Gamesbeater with Reinforcement Learning

I found a video about the NEAT(NeuroEvolution of Augmenting Topologies) algorithm used to train agents, with reinforcement learning and genetic approaches, applied to playing super mario and thought it was really cool – MarI/O.

Some time later I had an assignment where the professor wanted us to write papers, so I used that as an excuse to try to build something like the MarI/O and try some cool algorithms.

Tools Selection

To be able to train and test agents who do stuff first an environment was needed. After searching and reading some papers about the state of the art, I found a cool environment for testing, the ALE (Arcade Learning Environment).

With this environment I can run Atari 2600 games, access each pixel in the monitor, each byte in RAM, the current score, I have access to the list of possible actions allowed like if we had the controller and the agent can use this actions to play the game.

Next to implement the agent and the learning I needed some reinforcement learning algorithms. After some search I found a nice library that had reinforcement learning pybrain.


The first step was to launch the ALE environment and play as a human instead of using an agent, the first game was the good old breakout.

After some play, the next step was to try pybrain with some of their Reinforcement Learning examples. I tried the SARSA, Q Learning with their maze example, and trained my agents until they could leave different mazes, all with reinforcement learning.

Agent trying to leave the maze

Bot without training

With the ALE environment ready and the pybrain algorithms tested, the next point is the merging of both. Our neural network will use the ActionValueNetwork class from pybrain to hold the agent brain. This type of network will try to have weights directly mapped to specific actions.

Since I want the agent to play like a human, it will use only the actions available in the controller and can only see the monitor pixels like a human playing. This way the network will have as inputs the monitor pixels in rbg format and will map that to the controller possible actions.

For the learning method I will use Q Learning. The goal of Q-Learning is to learn a policy, which tells an agent which action to take under which circumstances.

With the pybrain and ALE joined now I can run the agents playing the game.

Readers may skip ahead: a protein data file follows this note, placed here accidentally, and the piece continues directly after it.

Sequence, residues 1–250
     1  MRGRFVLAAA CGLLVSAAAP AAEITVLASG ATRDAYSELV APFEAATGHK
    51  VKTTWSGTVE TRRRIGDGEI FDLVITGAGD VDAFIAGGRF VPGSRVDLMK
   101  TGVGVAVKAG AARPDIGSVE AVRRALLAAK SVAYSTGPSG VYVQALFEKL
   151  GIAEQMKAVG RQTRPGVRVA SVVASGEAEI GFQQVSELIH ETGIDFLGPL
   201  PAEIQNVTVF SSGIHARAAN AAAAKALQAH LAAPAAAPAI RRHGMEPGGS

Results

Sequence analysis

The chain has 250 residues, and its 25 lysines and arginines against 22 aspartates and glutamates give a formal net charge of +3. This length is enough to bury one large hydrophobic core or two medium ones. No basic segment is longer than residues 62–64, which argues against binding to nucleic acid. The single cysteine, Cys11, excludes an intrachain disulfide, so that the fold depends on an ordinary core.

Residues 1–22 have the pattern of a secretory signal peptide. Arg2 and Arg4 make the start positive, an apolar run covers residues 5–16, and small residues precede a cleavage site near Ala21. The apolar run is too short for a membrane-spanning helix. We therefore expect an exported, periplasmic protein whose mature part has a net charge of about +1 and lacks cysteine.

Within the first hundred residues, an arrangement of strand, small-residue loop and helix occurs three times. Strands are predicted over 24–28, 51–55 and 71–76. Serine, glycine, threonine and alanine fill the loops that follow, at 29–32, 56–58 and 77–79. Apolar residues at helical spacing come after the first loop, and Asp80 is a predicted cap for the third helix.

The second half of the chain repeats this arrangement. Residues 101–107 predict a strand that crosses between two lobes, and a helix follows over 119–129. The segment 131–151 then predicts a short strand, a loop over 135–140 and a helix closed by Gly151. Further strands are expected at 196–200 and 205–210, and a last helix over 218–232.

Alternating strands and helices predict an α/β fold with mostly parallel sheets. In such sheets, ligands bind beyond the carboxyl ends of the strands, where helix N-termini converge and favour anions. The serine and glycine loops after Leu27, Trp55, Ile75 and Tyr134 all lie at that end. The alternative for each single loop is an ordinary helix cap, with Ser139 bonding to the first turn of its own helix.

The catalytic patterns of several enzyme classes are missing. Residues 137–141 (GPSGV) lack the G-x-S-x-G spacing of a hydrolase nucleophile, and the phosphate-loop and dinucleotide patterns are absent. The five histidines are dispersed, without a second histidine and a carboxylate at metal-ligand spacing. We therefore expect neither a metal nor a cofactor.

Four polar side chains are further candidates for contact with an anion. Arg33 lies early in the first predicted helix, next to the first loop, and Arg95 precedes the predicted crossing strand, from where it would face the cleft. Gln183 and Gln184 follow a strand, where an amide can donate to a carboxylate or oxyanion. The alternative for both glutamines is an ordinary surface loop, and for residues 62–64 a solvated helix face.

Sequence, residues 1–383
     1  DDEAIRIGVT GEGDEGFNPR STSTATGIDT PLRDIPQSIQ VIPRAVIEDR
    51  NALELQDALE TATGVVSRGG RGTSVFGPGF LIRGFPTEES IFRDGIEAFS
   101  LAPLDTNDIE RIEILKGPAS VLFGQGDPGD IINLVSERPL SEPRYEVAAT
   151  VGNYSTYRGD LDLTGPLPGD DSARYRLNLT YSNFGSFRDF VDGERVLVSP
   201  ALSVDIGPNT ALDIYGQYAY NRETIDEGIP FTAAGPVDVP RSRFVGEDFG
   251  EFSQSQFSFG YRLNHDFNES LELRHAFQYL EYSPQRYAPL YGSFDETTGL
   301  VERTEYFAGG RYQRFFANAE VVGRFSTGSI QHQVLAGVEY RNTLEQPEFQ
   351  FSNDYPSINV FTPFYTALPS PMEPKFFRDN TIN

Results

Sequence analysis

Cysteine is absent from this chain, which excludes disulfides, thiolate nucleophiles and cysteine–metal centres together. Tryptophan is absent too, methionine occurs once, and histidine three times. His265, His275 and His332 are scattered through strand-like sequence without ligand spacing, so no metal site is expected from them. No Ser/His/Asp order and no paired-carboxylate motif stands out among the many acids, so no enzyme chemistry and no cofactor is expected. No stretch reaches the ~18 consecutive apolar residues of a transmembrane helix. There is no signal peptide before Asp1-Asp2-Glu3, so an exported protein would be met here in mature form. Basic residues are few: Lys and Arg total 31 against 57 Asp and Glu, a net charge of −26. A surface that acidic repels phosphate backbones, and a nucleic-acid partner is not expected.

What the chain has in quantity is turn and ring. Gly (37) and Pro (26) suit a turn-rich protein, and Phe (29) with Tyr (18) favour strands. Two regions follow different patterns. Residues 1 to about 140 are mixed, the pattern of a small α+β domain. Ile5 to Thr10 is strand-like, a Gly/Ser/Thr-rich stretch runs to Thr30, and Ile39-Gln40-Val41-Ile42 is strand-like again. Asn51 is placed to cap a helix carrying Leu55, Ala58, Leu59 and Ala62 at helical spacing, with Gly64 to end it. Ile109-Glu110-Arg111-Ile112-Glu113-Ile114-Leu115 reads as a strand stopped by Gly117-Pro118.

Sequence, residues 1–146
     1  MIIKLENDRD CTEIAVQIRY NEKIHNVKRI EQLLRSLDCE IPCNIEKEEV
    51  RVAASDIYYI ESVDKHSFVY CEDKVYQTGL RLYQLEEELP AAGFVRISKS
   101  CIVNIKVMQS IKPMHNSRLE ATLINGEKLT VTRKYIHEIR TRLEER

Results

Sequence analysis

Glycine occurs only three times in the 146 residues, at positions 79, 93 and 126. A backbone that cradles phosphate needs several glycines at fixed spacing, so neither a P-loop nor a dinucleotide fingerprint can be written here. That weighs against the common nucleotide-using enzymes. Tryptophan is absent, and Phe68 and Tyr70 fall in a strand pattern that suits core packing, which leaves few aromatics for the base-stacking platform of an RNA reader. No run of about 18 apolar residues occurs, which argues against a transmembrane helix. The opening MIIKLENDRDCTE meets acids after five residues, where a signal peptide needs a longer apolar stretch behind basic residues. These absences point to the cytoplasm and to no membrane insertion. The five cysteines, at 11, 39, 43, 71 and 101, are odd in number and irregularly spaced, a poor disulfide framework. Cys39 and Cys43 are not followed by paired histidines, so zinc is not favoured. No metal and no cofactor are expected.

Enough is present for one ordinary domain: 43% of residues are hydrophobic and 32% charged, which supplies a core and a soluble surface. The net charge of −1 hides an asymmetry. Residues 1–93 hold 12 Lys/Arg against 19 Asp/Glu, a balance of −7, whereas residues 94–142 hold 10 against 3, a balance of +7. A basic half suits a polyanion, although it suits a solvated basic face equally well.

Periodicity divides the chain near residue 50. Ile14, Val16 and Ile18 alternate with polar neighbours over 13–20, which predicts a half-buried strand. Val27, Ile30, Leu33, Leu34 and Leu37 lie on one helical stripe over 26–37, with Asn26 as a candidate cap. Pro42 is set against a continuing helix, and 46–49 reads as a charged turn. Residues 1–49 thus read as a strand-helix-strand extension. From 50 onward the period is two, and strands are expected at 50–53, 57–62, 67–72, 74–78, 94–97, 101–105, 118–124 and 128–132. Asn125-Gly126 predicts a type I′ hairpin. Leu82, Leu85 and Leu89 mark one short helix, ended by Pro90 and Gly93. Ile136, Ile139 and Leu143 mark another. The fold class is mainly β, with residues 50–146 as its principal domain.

Before starting training them I want to be able to store the network if their train goes well, load a previous save network and I want a way to stop their traning at any moment.

For the saving and loading I used python pickle module which serializes a python object and stores in a file. To stop the training at any moment I used the curses module which allows me to listen for keyboard input in a non-blocking way, so when I press q the training stops and the current network is saved.

Since we are training the agents with reinforcement learning we will need a reward function to give them an heuristic to evaluate their actions. We can collect the score from the ALE, so we will use the current score in the game until the agent dies.

Now we have all the stuff setup so let’s check the progress of the agents with some training time.

Without training

Bot without training

After 2h of training

Bot after 2h of training


We can observe that the bot without any train moves around very much because he is just trying random commands to control the player. While the bot with two hours of training is already going much more for the walls since he could understand the ball will hit there more.

Anyway after some more train the movement of the bot didn't improve very much. Some different approach to make it evolve was needed.

For the article I was writing, since I only tested already known algorithms and didn’t reach very good results I couldn’t really write a good paper about the implementation. So instead I made a review of the state of the art with the research I made about the topic. In the end I didn’t publish it but if you want to checkout the document – here.

I liked Pybrain, but it has some problems, it is still implemented in python2 and is not mantained since 2017. I sent them a pull request to fix one problem in an agent in 2018 and is still waiting. Their tutorial/examples do not work out of the box, some code needs to be changed to make them work. To make it work I had to try some stuff manually and go into their code to understand how it works.


If you want to use my setup to train some agents too, you can check the code in bitbucket